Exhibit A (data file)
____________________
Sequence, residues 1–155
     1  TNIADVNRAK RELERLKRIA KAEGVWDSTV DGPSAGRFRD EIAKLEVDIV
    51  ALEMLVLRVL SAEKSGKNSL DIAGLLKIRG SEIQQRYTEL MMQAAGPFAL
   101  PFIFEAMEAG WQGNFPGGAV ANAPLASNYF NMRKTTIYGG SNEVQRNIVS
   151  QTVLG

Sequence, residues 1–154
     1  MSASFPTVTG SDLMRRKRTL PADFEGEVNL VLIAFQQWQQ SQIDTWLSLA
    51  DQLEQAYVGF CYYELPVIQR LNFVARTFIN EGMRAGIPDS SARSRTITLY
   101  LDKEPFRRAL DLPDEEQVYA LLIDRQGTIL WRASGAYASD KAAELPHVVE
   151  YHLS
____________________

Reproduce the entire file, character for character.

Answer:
Sequence, residues 1–155
     1  TNIADVNRAK RELERLKRIA KAEGVWDSTV DGPSAGRFRD EIAKLEVDIV
    51  ALEMLVLRVL SAEKSGKNSL DIAGLLKIRG SEIQQRYTEL MMQAAGPFAL
   101  PFIFEAMEAG WQGNFPGGAV ANAPLASNYF NMRKTTIYGG SNEVQRNIVS
   151  QTVLG

Sequence, residues 1–154
     1  MSASFPTVTG SDLMRRKRTL PADFEGEVNL VLIAFQQWQQ SQIDTWLSLA
    51  DQLEQAYVGF CYYELPVIQR LNFVARTFIN EGMRAGIPDS SARSRTITLY
   101  LDKEPFRRAL DLPDEEQVYA LLIDRQGTIL WRASGAYASD KAAELPHVVE
   151  YHLS